For many of us, the idea of summer is synonymous with water: refreshing swims in the sea, poolside lounging, exploring Scotland’s many beautiful lochs and rivers. So what better time to revisit water as a source of poetic inspiration? Tonight’s event looks set to be a riveting exploration of the creative link between water and poetry, and we’d love to see as many of you there as possible! Wondering what it’s all about? SWC’s Literary Editor Rachel Walker talked to fantastic featured poets Morelle Smith and George Colkitto about the lure of the natural world.
Have natural landscapes always been important to you when writing poetry?
Morelle: Well, quite simply, yes. Natural landscapes feature in a lot of my poetry. I get so much inspiration from nature in general and I have a particular fondness for trees, water, skyscapes, night skies…
George: I find that the trigger for a poem comes from many things: a memory, a phrase which pops into my head, an overheard remark. Landscape is one of the triggers. Scotland is a place of marvellous scenery. Who could fail to be inspired by the view from above Port Glasgow of the Firth of Clyde, or Arran from Seamill? In Orkney there is the endless arc of sky into sea and back to the land. So many places spring to mind as I write this and that is how a poem begins – the desire to hold thought on the page. So, the answer to your question has to be yes: it is important and always has been.
Do you have a favourite poet or poem?
Morelle: I have many favourite poems and poets, so it is hard to choose just one. Among my favourite poets are Rumi, Rainer Maria Rilke, William Stafford, Mary Oliver. All of these poets share a mystical approach to life and very much connect with the natural world.
George: I remember poems badly. What I do have are snippets of lines that play in my head. As a child, my main inspiration was the ‘soliloquy’ from Hamlet. I do like Frost, Blake, Douglas Dunn, and the Daffodils poem by Wordsworth.
How did you first come to see water as inspiration for poetry?
Morelle: Part of water’s very special properties are to do with movement and flow, (particularly in rivers and oceans) and I feel that this sense of movement links with our own human lives which are also ever-changing. The way that water moves reflects the sense of journey that life encompasses, and also encourages the flow of associations of images. Of course, water literally reflects images and light in some cases; the sea, depending on the weather, can be so many different colours. The rhythm of the sea in particular seems to connect with our own rhythms, heartbeats.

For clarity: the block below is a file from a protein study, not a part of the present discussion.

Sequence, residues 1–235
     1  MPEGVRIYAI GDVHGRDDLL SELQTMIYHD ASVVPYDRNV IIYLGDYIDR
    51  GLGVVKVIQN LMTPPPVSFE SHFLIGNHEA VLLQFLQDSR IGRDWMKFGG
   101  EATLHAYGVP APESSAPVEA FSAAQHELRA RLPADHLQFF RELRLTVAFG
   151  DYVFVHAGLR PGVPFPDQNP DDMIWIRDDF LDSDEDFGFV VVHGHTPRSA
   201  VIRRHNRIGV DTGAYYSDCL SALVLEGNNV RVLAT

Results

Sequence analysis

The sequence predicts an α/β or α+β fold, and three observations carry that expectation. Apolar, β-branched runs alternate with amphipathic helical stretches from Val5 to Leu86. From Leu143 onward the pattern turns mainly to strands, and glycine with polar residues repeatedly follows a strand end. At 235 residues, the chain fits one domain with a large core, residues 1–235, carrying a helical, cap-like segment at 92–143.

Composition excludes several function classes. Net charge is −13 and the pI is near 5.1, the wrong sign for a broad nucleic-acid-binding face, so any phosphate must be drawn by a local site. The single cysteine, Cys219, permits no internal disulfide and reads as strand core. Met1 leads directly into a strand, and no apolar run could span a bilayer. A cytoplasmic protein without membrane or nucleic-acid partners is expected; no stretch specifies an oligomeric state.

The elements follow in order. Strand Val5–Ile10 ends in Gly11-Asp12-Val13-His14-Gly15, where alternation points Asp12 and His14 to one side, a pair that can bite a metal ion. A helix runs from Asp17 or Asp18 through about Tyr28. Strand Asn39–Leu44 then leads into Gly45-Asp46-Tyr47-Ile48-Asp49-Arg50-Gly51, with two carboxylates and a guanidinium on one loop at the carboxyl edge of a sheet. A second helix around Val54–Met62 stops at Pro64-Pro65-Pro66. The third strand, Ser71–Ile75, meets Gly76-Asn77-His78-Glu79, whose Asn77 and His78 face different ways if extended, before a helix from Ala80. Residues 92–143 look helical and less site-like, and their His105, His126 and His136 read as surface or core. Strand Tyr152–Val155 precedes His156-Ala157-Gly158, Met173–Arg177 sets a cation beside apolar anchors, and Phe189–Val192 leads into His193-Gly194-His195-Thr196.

Do you find a particular body of water inspires you more than any other?
Morelle: I’m always drawn to the sea – particularly the Mediterranean, where I feel most at home. Shorelines – the edges of sea and land – have that liminal quality of two different elements meeting and merging, and the physical quality of overlapping and blurring (even erosion of identity) helps to blur boundaries in the mind. I feel that this is particularly fertile ground for poetry. Also, my local river – the River Tweed – is one that I often find myself walking beside, following its meandering course.
George, can you tell us more about your connection with Castle Semple Loch, and why you decided to focus your collection on that one area?
George: Some years back I became a member of Lochwinnoch Writers, and the drive from my home to Lochwinnoch gives views of Castle Semple Loch. I would go for walks by the loch with my two cairn terriers and I also attended a poetry workshop based at RSPB Centre at the Loch.
In 2015 I was at a poetry week in Wales and talk turned to writing projects. I had a number of ideas I was working on but nothing concrete. While in Wales I was writing about the landscape and it occurred to me that I should refocus on my own home environment. As I travelled every week to Lochwinnoch it was inevitable that I began to write about Castle Semple Loch. I decided to visit the same spot for a year, capture what I saw in poem and see what was the result.
What did you learn from observing the Loch over a year? Did the collection end up being what you were initially expecting it to be?
Interesting question as I am unsure if I had any expectations when I started. I write a lot about many subjects so the attraction was to focus on one location and to keep going back to it and to see if there was anything new to say. I found it addictive. The Loch was a great subject as I could go at different times of day and night; it has such a range of activities, it is frequented by so many people, and it is a beautiful place. One poem in the collection highlights what I discovered. The opening line of ‘Warlock Tower’ is ‘a nothing day bursts to life’. There are no ‘nothing days’ at Castle Semple Loch.
Do you have any advice for aspiring poets?
Morelle: If you’re drawn to nature, spend as much time in it – during all the seasons – as you can. I find walking particularly helpful. If a phrase or a line comes to mind, write it down straight away (always have a notebook on you for that reason!) Put poems aside for a while, then go back and work on them later. Read as much as you can.
George: Write as often as you can. Read what you write out loud as it helps you to find if the poem works and where it needs edited. Listen to criticism, but only make changes which you believe make your poem better. Go to hear other poets read. Read widely. If you can afford the time and cost, go to courses; you will learn and will make friends.